Post-planting Tree Care

Post-planting Tree Care
by Michael Kuhns, Extension Forestry Specialist

Many trees were planted in Utah this spring. Though trees generally do a good job of taking care of themselves after planting, some care is needed to ensure the their quality and health for the future.

Trees should be watered thoroughly at planting time and once a week (corrected for significant rain) through the first growing season. Water more often on sandy soils or during very hot, dry weather. A light sprinkling that only wets the soil surface is not enough. Water must penetrate 6 to 12 inches to reach most of the tree's roots and to encourage deep rooting. If irrigation water is limited this summer due to drought, be sure to give adequate water to your trees or they may decline in health and die. Lawn that dies due to lack of water can be replaced fairly quickly; trees cannot.A large ring of mulch around a newly planted tree

Stake newly-planted trees that are over 2 to 4 feet tall if they will catch a lot of wind. Trees should be staked loosely, however, since some bending is needed for the trunk to develop naturally. Anything that wraps around the trunk, like wires or cords, should be well-padded to avoid damaging the tree's bark and outer growing layers. Stakes should be removed after 1 or 2 years. If the root system is not well-established by then it is not likely to become established.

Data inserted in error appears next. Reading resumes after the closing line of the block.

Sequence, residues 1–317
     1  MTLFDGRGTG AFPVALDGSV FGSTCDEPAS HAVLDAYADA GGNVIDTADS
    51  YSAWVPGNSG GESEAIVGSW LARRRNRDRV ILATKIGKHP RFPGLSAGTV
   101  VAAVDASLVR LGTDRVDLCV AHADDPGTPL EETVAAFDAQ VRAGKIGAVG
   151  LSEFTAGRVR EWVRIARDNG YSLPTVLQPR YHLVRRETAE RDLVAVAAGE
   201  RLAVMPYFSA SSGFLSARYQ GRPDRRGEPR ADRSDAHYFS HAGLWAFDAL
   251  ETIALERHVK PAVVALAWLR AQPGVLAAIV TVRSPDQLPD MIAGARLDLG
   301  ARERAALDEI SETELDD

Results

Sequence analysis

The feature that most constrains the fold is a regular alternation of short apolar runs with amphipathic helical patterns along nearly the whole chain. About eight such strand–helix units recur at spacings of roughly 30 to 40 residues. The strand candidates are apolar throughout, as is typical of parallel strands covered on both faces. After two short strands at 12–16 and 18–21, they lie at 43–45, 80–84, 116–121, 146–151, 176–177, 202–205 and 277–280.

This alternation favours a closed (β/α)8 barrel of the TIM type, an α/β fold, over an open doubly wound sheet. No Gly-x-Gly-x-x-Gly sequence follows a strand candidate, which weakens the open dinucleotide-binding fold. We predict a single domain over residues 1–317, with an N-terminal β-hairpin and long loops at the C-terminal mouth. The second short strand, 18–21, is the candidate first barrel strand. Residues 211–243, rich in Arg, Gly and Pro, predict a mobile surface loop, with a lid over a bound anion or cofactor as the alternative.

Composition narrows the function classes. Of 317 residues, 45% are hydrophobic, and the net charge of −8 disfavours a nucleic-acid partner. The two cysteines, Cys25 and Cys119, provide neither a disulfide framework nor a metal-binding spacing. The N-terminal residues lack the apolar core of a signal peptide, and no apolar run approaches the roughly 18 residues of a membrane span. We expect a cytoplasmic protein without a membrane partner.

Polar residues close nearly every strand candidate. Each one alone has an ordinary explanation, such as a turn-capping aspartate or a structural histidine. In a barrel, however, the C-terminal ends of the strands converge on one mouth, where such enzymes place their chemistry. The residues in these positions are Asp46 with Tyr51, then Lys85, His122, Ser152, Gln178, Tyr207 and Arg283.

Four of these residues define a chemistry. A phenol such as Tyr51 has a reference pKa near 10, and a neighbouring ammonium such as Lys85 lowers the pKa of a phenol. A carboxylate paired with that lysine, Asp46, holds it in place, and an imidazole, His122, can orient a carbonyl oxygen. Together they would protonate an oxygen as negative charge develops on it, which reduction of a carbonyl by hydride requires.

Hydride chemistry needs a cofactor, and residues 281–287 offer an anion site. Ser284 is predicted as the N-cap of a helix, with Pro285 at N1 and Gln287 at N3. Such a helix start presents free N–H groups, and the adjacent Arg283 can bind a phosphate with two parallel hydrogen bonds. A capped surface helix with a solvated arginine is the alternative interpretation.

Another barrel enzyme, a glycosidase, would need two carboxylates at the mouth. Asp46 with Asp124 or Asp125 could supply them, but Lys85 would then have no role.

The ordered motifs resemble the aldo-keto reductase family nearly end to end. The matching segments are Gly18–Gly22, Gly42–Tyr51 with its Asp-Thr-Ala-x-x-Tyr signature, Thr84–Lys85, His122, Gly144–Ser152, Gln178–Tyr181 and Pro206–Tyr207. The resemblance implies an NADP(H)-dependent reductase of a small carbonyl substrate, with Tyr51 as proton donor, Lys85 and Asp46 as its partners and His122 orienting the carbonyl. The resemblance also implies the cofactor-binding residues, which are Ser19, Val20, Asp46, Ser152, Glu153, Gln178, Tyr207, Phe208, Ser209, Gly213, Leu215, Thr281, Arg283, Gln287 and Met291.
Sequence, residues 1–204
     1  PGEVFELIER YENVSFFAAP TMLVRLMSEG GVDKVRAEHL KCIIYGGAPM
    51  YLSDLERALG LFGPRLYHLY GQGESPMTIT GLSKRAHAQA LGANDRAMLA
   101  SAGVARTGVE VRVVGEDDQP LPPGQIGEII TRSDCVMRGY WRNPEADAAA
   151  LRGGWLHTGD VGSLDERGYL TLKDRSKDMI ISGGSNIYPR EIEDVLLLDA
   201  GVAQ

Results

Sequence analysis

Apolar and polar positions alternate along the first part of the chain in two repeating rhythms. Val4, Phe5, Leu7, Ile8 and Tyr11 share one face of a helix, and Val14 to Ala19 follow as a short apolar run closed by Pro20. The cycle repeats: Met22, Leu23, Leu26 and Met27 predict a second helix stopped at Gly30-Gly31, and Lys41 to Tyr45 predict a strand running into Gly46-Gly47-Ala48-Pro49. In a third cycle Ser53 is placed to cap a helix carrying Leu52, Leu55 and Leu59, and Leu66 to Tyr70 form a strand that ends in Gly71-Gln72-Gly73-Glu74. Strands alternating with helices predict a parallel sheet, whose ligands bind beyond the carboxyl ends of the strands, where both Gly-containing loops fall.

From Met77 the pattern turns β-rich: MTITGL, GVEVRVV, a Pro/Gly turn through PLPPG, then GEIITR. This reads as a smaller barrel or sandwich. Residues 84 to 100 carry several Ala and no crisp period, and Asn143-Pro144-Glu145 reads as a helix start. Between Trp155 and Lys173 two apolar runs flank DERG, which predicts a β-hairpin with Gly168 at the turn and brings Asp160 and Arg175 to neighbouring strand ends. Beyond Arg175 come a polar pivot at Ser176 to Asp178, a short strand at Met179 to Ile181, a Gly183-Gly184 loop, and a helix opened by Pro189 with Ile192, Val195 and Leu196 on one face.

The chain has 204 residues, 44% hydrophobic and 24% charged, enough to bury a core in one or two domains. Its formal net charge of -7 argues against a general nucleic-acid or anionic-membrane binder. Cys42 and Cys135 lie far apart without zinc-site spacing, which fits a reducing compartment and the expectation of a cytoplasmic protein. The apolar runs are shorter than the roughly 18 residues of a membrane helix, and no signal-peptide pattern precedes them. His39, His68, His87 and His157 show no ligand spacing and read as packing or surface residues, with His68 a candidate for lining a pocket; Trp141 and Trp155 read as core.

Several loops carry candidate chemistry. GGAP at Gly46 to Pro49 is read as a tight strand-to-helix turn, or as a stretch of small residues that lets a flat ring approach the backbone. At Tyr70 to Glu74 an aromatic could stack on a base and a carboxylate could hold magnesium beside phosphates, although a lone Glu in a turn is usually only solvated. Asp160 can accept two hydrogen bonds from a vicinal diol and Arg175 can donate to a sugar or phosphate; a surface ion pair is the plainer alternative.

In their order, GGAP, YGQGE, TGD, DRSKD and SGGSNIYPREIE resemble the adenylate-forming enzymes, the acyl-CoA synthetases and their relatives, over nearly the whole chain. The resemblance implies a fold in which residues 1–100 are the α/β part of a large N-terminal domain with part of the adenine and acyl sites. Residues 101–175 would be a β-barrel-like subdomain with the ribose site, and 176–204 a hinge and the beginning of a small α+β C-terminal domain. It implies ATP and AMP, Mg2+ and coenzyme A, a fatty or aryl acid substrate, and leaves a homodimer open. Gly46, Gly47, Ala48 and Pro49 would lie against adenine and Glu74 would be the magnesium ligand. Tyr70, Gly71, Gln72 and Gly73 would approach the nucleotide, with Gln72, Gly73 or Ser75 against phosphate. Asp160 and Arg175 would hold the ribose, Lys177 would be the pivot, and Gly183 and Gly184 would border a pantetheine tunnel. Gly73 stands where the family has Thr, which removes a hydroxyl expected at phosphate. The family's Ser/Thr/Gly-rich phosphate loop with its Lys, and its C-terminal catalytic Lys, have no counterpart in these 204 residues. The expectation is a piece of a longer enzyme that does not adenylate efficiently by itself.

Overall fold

Mulching newly-planted trees and established trees is one of the best ways to ensure their health. A 4 foot or larger circle of wood chips, compost, or other coarse organic mulch 4 inches deep helps control weeds, keeps roots moist, reduces soil compaction, and keeps the mower away from the tree's trunk. If turf is already established around the tree place the mulch directly on the turf. Any grass not shaded-out by the mulch can easily be pulled.

Fertilization is not necessary for most trees and no fertilization should be done at planting time or for at least a year or two after planting. If fertilization is to be done, wait until twig growth has returned to a normal rate. This indicates that the tree is no longer suffering from transplanting shock. Use a complete, granular fertilizer spread on the surface under the tree's crown and water it in well. Avoid using "weed-and-feed" fertilizer-herbicide combinations around trees since these are designed to avoid injuring grass but may damage trees.

Follow these steps and keep an eye out for insect and disease problems and your new tree will give you years of enjoyment.